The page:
Saturday, August 1, 2009


I'm nobody! Who are you?
Are you-nobody-too?
Then there's a pair of us?
Don't tell! They'd advertise-you know.

-Emily Dickinson

I'm fond of Emily Dickinson, that strange and solitary person, whose poems reflect an intense desire for obscurity. Her anonymity can be construed as humility--it should not concern us at all that people do not know us--but for some, a retiring nature is grounded in a profound sense of insecurity and a deep dislike for oneself: "I'm someone to be kept out of sight."

Perhaps you're like that: wondering why God ever made you, longing to be someone else. But is it not better to be what God has chosen to make you? "For to have been thought about--born in God's thoughts--and then made by God, is the dearest, grandest, most precious thing in all thinking. Is it not...?"(George MacDonald).

David elaborates the same thought in the 139th Psalm, describing himself en utero as God's special creation, pondering "this awesome being that is me!"

For you created my inmost being; you knit me together in my mother's womb. I praise you because I am fearfully and wonderfully made; your works are wonderful (Hebrew: awesome!). I know that full well. My frame was not hidden from you when I was made in the secret place. When I was woven together in the depths of the earth (his mother's womb), your eyes saw my unformed body (fetus). All the days ordained for me were written in your book (the blueprint for me) before one of them came to be.

Do you realize that you have been thought about and uniquely hand-crafted by God? You are one of a kind, woven together according to a divine template, intricately "embroidered" (David's word) in your mother's womb, a creation that that has no parallel in the universe. "How is it that you came to be you? God thought about you, and so you grew."

Long before you were born, you existed in God's thoughts. Long before your parents loved or neglected you, your peers admired or rejected you, your teachers, colleagues, and employers encouraged or disheartened you, you were known and loved by Love itself. God saw you and took delight in you. He gazed at what he had made and was glad. He loved it and said, "It is good!"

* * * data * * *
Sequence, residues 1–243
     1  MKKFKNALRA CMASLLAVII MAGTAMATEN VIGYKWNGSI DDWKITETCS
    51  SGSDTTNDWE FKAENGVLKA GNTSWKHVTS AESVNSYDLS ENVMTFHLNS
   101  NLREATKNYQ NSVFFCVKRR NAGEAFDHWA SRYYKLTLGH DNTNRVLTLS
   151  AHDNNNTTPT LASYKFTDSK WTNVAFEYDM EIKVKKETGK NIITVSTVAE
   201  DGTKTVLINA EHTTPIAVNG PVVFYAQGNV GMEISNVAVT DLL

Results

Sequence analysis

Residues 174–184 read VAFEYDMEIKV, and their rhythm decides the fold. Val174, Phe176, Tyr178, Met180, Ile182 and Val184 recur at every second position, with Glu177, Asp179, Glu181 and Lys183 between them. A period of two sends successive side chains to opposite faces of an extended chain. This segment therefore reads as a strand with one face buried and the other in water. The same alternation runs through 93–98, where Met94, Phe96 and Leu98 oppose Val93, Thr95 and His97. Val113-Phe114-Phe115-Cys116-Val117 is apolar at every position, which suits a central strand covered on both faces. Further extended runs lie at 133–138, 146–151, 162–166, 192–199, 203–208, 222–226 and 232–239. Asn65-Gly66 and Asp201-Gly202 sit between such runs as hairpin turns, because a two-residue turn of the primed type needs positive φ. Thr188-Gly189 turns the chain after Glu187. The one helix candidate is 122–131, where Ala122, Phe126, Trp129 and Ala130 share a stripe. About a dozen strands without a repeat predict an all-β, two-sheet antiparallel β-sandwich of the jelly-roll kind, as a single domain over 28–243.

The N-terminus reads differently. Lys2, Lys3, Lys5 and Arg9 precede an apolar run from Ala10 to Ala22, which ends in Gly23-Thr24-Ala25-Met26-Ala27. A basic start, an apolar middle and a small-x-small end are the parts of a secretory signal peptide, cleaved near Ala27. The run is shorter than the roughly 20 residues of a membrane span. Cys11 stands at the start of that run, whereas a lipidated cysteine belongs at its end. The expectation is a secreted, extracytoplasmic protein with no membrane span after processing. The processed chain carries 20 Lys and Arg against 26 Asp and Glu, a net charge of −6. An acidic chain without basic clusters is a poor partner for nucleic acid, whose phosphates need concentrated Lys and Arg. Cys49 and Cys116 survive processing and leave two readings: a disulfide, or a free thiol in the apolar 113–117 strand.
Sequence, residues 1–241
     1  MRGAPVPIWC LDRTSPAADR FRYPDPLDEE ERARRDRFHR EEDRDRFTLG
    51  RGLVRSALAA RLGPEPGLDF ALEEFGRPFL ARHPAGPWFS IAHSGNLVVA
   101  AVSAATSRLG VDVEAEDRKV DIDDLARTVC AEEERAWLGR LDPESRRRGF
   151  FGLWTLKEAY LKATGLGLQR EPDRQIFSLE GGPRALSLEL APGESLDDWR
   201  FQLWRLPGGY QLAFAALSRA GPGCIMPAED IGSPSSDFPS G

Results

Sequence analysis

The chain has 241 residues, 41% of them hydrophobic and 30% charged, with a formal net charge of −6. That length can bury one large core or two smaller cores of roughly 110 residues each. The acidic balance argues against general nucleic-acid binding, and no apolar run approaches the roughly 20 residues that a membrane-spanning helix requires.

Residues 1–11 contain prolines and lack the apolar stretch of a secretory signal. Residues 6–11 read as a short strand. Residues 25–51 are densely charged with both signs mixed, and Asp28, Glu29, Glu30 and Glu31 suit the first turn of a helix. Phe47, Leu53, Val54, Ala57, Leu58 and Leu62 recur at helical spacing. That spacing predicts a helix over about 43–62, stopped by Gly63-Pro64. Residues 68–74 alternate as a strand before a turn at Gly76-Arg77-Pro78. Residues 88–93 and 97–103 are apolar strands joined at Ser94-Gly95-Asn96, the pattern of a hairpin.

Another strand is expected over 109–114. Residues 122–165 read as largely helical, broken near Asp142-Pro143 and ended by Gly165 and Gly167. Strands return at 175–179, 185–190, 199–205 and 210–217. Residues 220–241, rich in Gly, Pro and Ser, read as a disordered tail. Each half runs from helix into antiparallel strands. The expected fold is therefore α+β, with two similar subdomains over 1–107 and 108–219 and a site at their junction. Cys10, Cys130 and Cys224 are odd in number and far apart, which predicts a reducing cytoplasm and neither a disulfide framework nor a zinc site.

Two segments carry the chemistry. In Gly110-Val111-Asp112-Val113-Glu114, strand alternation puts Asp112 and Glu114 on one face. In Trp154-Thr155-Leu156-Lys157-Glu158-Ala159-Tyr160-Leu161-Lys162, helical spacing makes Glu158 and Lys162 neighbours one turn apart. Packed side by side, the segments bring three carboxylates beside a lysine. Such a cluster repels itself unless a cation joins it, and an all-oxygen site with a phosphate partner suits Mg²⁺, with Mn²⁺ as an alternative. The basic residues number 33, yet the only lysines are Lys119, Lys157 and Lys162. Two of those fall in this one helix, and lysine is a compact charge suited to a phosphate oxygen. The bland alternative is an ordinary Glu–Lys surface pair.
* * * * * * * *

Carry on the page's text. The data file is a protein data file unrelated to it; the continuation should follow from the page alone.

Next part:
And someday, if you give your self to God, you too will begin to love what he has made, and will forget the self you now abhor. If you could but see yourself now as you will someday be--a lustrous, exquisitely beautiful, immortal being--you would be stupefied.

I think that is why, at least in part, God allowed his disciples to see his glory on the Mount of Transfiguration. One early Church Father, the Venerable Bede thought so: "By his loving foresight he (Jesus) prepared them (the disciples) to endure adversity bravely by allowing them to taste for a short time the contemplation of their (own) everlasting glory (beauty)"(Quoted by Thomas Aquinas, Summa Theologica 3a, 38).

So, there is unimagined splendor ahead, but even now, the love of God is at work in you to transform unsightliness into the inexpressible beauty of holiness.

What once was hurt; what once was friction;
What left a mark, no longer sting.
For Grace makes beauty out of ugly things ("Grace" by U2).

The Love that fills the earth with lovely things is making you lovely. It is beginning now. It will go on forever, for there is no end to infinite love.


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